Seeking a way to de-nuke nuclear waste

WASHINGTON — WASHINGTON -- If you thought the computer chip and the laser were pretty amazing, hold on to your hat. The next decade is going to provide even more wonders.

What is the greatest environmental hazard we face? Arguably, it is nuclear waste. We currently inter the radioactive stuff in carefully designed graves at the site of existing commercial and military reactors.


But there is a plan for a permanent disposal site at Yucca Mountain. The facility, which will not be completed until early in the next century, is to be equipped with underground railroads and robot-operated cars to ensure that humans do not come into contact with waste materials. When the last deposit is made, the place will be sealed for hundreds of years.

Right now, while scientists test the Yucca site for underground water streams, seismic activity and such, we have massive political wrangling over what to do with nuclear waste in the meantime. By law, the government is obliged to start putting nuclear waste in interim storage in Nevada. But Nevadans are not hot on the idea.


L Wouldn't it be wonderful if nuclear waste could be de-nuked?

Enter human ingenuity. Toiling at a company called American Technologies Group, together with the California Institute of Technology, a team of scientists led by Shui-Yin Lo is working on an invention called the Baser. The Baser may solve the problem of nuclear waste entirely -- while creating new, clean energy in the process.

The Baser is a particle-beam laser consisting of (steady now) Bose-Einstein condensates. George Hague, writing in Final Frontier magazine, described a Bose-Einstein condensate this way: "Imagine you're sitting around a conference table at work with a dozen of your colleagues. Simultaneously, all of you get up from your chairs and sit in the same chair. And all of you fit. Comfortably, too."

That is because matter, when frozen to almost absolute zero, takes on strange properties. And since it does, it is possible, and Dr. Lo has patented the process, to create a beam out of particles of Bose-Einstein condensates that could make lasers look crude and weak by comparison.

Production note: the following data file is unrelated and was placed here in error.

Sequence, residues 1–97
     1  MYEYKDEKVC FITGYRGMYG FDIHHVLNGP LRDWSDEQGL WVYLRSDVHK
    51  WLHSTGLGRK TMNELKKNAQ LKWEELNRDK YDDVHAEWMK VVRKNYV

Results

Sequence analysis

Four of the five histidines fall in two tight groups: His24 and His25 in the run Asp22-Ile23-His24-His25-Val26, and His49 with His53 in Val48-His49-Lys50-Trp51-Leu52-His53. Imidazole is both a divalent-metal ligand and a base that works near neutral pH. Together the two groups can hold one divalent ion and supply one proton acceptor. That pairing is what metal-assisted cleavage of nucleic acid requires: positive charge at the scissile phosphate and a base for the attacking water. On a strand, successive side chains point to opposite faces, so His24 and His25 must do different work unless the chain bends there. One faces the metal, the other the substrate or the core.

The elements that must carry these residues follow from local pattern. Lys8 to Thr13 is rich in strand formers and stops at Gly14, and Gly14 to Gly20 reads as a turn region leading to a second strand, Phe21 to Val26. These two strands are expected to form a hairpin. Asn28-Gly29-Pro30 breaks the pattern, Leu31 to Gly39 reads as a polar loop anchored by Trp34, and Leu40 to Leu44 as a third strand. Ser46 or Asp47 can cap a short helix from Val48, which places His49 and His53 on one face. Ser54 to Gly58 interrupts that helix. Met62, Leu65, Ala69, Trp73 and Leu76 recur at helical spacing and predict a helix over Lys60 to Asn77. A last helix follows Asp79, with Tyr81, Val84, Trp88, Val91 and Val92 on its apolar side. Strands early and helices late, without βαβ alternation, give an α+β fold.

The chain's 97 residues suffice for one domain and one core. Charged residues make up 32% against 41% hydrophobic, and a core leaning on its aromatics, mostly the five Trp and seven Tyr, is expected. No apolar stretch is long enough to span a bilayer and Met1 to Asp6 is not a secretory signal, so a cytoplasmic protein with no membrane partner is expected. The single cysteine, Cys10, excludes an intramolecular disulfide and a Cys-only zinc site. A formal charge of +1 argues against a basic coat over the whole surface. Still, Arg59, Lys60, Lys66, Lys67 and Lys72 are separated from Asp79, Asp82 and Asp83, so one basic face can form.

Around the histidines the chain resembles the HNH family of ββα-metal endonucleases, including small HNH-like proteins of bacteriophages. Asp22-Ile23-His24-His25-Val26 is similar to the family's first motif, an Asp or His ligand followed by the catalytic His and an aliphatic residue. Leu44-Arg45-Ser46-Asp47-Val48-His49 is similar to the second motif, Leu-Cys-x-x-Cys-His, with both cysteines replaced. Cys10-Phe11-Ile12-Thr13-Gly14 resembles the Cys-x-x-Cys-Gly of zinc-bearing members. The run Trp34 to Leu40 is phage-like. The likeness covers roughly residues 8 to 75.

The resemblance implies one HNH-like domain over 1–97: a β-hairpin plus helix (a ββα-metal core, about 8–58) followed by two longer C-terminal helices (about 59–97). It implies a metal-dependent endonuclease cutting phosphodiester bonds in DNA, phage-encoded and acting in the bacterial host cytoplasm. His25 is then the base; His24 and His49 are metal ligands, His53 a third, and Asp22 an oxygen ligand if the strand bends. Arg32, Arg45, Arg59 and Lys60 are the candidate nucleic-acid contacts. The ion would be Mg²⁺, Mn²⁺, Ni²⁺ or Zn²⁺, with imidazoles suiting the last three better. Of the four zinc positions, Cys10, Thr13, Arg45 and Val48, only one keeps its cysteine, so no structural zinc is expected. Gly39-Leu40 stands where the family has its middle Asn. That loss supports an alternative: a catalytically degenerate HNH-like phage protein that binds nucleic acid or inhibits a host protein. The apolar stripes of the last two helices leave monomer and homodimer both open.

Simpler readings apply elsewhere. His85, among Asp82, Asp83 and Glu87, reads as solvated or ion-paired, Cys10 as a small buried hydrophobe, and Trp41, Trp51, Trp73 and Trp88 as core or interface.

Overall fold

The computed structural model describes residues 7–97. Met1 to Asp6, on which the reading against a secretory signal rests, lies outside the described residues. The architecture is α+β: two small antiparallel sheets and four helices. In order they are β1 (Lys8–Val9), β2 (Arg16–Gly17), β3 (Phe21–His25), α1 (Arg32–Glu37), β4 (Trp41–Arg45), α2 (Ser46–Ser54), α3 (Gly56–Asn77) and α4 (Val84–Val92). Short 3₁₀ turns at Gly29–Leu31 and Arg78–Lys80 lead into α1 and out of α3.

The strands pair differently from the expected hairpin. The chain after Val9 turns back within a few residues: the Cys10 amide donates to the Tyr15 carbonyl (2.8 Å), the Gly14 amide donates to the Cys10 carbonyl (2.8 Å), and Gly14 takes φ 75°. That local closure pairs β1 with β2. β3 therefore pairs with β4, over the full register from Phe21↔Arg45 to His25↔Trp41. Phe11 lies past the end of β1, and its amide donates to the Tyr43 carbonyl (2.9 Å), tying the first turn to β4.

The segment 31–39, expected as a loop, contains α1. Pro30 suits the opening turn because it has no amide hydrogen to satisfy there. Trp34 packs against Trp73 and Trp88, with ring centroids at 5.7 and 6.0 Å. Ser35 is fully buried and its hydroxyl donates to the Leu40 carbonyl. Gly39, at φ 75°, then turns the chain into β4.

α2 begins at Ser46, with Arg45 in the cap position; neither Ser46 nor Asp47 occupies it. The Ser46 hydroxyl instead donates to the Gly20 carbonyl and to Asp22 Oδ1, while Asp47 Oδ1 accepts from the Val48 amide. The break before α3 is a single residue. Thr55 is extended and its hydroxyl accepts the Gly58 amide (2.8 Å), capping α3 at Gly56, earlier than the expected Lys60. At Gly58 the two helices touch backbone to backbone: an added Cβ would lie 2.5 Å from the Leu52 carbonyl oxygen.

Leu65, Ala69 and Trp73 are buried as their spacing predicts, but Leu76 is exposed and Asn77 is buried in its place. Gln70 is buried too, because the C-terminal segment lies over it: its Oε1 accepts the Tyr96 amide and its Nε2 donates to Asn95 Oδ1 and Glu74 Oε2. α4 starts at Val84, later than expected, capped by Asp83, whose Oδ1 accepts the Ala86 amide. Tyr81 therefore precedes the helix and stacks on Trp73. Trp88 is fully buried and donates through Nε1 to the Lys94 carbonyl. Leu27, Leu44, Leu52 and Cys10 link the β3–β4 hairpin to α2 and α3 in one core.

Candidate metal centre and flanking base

In the short run -- say, within about five years -- the Baser will be useful for precision cutting of semiconductors and computer chips. It will also have medical applications, like microsurgery. But in the slightly longer run, the potential of this technology is truly awe-inspiring.

The Baser creates a beam that has the power to transform those radioactive wastes lying under the desert in Nevada into non-nuclear, benign materials. In the process, heat will be created that can be used for other purposes. Later, the Baser will have the capacity to transform rocket propulsion, creating a great deal more thrust with much less fuel.

When I was a little girl, my father, who taught physics and was a lifelong science cheerleader, used to tell me that there was enough energy in a teaspoonful of water to take the Queen Elizabeth II to London and back again. How? Fusion energy.

Our current nuclear technology is fission -- splitting the atom of a densely packed element like uranium. Fission, as everyone knows, creates abundant, cheap energy but leaves behind nuclear waste.


Fusion is what happens on the surface of the sun. Hydrogen atoms, with one proton, fuse into helium, two protons, at a temperature of millions of degrees.

Fusion creates even more abundant and even cheaper energy than fission, since hydrogen is available everywhere. And there is no radioactive waste. The Baser, at higher power levels, will create sufficient energy to produce fusion. It could be the start of a new era.

The capacity of this country to generate life-enhancing inventions continues unabated. We attract the world's best minds. In addition to Dr. Lo, who is from China, the scientists on the Baser team have names that bespeak the magnetic pull of America: Michio Okumura, Natalia Ivanovna Afanasyeva, Vijay Dhir and Anmin Liu, as well as Mary Lidstrom and Charles Young.

For more than a century this has been one of America's greatest strengths -- opportunity, innovation, inventiveness. It gives rise to the hope that for every technical problem there is a technical solution. And if there is a technical solution, chances are someone in America will discover it.

Mona Charen is a syndicated columnist.

Pub Date: 9/17/97